TREAT Asia Annual Meeting Focuses on Data Collection, Drug Resistance
600 patients already enrolled in Observational Database
January 2004—Clinicians and researchers from 22 TREAT Asia sites across the region gathered in Kuala Lumpur for the third annual TREAT Asia meeting, October 2-4, 2003.
TREAT Asia delegates heard presentations from participating sites in the region.
Welcomed by the Honorable Marie Huhtala, U.S. Ambassador to Malaysia, and amfAR Board member Dr. Mervyn Silverman, participants heard about progress in two key areas–creating an HIV/AIDS observational database and monitoring drug resistance in Asia.
Dr. Matthew Law, head of the Biostatistics and Databases Program at the University of New South Wales, reported that data from nearly 600 patients across the TREAT Asia network had already been collected. Information gathered includes methods of treatment, profiles of patient populations, opportunistic infection incidence, and causes of death.
Electronic data transfers from participating sites will happen twice yearly, and the first significant data release will likely come at the 15th International AIDS Conference in Bangkok in July 2004. That crucial information will be translated into more effective research programs and treatment delivery, and will ultimately lead to saving more lives.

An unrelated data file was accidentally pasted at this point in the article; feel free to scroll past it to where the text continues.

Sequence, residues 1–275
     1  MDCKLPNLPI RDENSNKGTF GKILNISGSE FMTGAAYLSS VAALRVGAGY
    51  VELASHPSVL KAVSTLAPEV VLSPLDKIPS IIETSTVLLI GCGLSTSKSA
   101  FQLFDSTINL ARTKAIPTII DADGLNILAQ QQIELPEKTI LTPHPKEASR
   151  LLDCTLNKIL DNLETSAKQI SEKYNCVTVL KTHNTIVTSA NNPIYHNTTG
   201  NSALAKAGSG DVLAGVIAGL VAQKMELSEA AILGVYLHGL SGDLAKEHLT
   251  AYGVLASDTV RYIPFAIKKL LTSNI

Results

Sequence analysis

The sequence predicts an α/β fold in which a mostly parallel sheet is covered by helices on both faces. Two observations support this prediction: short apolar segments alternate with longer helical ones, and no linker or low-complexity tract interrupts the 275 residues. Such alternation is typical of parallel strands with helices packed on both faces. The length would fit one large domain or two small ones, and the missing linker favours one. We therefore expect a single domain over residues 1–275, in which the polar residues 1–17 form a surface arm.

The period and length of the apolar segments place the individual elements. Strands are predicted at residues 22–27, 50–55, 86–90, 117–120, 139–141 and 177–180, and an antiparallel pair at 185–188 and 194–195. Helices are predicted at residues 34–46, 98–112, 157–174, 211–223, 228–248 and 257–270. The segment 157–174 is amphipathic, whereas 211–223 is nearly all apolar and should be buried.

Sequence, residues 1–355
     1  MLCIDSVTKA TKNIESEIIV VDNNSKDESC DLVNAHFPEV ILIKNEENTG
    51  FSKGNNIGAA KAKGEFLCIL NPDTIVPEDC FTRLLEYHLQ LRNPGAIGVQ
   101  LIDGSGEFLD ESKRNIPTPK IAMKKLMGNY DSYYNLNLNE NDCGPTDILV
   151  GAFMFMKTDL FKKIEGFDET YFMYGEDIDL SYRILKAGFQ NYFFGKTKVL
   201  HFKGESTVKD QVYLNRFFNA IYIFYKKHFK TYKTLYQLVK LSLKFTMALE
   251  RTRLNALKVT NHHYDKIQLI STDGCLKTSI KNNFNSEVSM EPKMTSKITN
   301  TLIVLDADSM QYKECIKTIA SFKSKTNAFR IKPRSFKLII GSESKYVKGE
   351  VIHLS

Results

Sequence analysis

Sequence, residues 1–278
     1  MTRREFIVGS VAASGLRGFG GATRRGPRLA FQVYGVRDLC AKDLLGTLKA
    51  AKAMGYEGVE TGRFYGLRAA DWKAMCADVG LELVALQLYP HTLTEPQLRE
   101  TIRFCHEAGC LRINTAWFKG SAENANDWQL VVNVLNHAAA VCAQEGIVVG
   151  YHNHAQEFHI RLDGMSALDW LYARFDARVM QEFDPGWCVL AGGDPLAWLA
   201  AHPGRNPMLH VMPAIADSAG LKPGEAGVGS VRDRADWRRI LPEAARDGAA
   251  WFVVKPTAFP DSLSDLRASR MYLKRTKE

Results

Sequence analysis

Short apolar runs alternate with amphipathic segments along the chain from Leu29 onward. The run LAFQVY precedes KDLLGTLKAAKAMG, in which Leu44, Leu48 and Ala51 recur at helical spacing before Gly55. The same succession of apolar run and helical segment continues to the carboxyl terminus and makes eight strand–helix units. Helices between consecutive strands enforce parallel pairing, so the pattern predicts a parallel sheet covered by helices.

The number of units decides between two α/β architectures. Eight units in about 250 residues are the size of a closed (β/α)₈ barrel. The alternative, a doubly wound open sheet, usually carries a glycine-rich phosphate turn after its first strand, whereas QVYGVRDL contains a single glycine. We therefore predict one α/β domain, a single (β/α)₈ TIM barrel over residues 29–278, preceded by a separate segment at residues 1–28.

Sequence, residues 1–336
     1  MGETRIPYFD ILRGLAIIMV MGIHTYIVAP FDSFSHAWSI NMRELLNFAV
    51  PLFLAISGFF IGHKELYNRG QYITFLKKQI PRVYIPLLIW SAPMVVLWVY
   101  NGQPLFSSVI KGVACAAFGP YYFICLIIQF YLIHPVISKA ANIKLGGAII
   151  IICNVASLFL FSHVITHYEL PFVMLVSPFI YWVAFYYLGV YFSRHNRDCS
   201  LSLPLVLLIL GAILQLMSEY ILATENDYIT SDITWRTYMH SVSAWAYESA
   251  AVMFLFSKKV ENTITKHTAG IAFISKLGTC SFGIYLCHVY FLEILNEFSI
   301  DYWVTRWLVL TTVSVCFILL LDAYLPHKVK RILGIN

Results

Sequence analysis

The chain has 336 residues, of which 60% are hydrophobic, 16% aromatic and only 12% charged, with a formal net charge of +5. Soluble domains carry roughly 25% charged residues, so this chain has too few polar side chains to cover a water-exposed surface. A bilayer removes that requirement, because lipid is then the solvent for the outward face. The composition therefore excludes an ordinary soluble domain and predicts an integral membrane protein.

As more of Asia gains access to treatment, an increasing challenge will be to minimize the development of resistance to current antiretroviral (ARV) therapies. At an international conference in November, Chinese officials reported that one in five patients on ARV treatment abandoned the therapy after just 7 months. With nearly one million people infected with HIV in China, such treatment abandonment, which contributes to drug resistance, is a potentially dangerous development.
Dr. Donald Sutherland of the World Health Organization told participants that monitoring drug resistance in Asia was critical to the success of his organization’s plan to have three million people on ARV treatment by the end of 2005, and he hoped TREAT Asia would play a role in that surveillance. A program to monitor drug resistance, a planned element of the TREAT Asia initiative, will be the subject of a proposal to be produced within six months.
In other meeting sessions, Dr. Kyle Webster, Vice President of Science and Technology for Becton Dickinson Biosciences, informed participants on the use of CD4 measurements for delivering treatment effectively and economically. CD4 tests are an important tool in maintaining the balance between conserving scarce treatment resources and treating patients in time to keep them healthy.
The Education and Training Committee presented a curriculum on treatment access and clinical care and proposed translating it into local languages with supplemental content specific to local and national concerns. The Public Policy Committee identified areas for advocacy, including clinical research, providing treatment to migrants, and the need for voluntary counseling and testing centers.
The next full TREAT Asia meeting will take place in Kunming, China, in October, 2004.